Tuesday, November 1, 2011

Good news: Premature birth rate declined across the U.S.

This is why we walk every year for the March of Dimes:

The March of Dimes reported today in its 2011 Premature Birth Report Card that premature birth rates improved in almost every state between 2006 and 2009. The U.S. now has a "C" grade (still far behind countries with more widespread and accessible medical care). As a result, 40,000 more babies were given a healthy start in life, and we saved at least $2 billion in health care and socioeconomic costs.

Other good news (for Oregon): At 9.8 percent, Oregon's preemie birth rate is the second lowest in the nation (after Vermont, 9.6 percent). Three states and Puerto Rico received an F, 11 states and the District of Columbia earned a D, 19 states got a C, 16 states received a B, and only Vermont earned an A. The United States received a “C” based on comparing the nation’s 2009 preliminary preterm birth rate of 12.2 percent with the March of Dimes new 2020 goal of 9.6 percent of all live births.* Overall, the U.S. premature birth rate has declined nearly 5 percent from the 2006 peak of 12.8 percent.

Premature births are declining for a variety of reasons, such as reducing medically unnecessary c-sections and inductions before 39 weeks of pregnancy, education and awareness, and the use of progesterone in high-risk pregnancies.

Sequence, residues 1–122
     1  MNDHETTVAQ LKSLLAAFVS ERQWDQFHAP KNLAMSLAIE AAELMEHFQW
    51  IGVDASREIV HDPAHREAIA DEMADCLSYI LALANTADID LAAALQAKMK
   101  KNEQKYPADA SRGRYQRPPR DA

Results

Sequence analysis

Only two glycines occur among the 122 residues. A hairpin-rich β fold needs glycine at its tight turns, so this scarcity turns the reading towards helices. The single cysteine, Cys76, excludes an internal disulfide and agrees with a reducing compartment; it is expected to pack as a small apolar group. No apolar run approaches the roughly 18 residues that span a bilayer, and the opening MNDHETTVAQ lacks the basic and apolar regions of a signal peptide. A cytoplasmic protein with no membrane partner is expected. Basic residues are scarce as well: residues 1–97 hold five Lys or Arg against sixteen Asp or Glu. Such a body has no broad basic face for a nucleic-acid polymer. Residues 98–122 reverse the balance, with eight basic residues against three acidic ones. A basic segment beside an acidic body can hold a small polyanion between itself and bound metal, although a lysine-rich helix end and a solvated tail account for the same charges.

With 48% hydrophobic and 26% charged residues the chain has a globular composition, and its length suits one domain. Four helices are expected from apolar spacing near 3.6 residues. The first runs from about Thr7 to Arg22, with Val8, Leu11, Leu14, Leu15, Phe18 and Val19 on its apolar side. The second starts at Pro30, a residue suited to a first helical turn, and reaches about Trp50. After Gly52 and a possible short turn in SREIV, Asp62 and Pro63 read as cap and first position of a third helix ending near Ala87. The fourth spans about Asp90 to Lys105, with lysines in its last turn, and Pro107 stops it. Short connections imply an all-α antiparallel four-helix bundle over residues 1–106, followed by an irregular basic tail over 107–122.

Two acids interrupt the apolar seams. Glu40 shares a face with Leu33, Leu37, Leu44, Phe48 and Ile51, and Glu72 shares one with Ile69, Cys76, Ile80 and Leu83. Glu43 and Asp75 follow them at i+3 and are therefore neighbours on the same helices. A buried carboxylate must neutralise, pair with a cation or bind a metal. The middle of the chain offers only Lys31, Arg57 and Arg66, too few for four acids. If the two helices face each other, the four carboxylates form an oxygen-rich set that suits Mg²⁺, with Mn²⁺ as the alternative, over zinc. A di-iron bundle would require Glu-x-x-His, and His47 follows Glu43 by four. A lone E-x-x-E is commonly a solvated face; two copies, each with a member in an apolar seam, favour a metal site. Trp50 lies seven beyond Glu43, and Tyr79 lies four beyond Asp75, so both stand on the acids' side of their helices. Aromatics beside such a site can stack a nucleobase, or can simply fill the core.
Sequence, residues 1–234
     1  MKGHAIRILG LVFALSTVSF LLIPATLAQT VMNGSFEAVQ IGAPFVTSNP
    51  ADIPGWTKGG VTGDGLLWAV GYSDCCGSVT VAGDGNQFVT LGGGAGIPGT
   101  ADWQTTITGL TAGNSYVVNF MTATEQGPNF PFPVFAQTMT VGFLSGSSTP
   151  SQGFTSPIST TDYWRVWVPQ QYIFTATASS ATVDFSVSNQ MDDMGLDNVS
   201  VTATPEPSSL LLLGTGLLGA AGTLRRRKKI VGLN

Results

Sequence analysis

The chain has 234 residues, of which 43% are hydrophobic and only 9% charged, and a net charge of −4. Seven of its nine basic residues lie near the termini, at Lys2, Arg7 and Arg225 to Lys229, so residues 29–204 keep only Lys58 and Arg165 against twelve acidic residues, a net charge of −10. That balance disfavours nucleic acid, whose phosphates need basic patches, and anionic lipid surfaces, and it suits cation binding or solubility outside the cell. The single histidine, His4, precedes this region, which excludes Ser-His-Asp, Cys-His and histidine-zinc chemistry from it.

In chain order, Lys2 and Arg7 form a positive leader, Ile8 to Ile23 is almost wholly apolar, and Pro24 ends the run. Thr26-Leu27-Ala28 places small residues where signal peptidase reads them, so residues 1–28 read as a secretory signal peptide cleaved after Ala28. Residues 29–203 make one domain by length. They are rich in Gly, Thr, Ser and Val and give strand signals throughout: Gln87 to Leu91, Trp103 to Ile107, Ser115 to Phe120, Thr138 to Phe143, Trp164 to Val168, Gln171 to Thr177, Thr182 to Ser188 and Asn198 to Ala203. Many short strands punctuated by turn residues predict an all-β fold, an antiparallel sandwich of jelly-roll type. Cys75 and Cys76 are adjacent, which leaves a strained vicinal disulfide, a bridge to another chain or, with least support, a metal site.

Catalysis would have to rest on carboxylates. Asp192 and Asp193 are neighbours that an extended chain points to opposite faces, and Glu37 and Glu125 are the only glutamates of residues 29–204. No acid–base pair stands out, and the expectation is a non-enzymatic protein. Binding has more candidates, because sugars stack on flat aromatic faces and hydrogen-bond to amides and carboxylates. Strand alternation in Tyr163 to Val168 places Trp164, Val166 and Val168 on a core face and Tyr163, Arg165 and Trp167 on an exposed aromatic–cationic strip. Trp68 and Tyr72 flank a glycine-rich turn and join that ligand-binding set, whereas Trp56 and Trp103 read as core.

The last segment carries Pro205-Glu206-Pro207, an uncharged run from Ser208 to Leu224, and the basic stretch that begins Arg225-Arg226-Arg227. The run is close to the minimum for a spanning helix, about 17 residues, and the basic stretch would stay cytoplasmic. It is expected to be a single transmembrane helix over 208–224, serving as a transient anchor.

Premature birth costs our country more than $26 billion a year and is the leading cause of newborn death. Babies who survive an early birth often face the risk of lifetlong health challenges, such as breathing problems, cerebral palsy, and intellectual disabilities.

This year, for the first time, the March of Dimes is observing World Prematurity Day on November 17 along with organizations in Africa, Europe, and Australia. Approximately 13 million babies are born prematurely across the world and, of those, one million die as a result.


Even though the rates are improving, it's not yet time to rest on our laurels. The March of Dimes continues to focus on making sure all women of childbearing age get preconception and prenatal care and get help to quit smoking. Thanks to all of you who support the March of Dimes in one way or another...I'm so glad that the rates are going back down after climbing up in recent years. We will continue to do our small part to work to reduce the chance that other families have to go through what we did.


*Premature birth is defined as occuring before 37 weeks gestation. Technically, Kieran and Nicholas were on the cusp of prematurity, because I had medically necessary c-sections with them before I went into labor. The chance of having an extremely low birthweight baby, like Chris, is only about 1 percent. (We hit the jackpot.) Nearly half of babies who are premature are not defined as "low birthweight," but they still are at higher risk for health problems.

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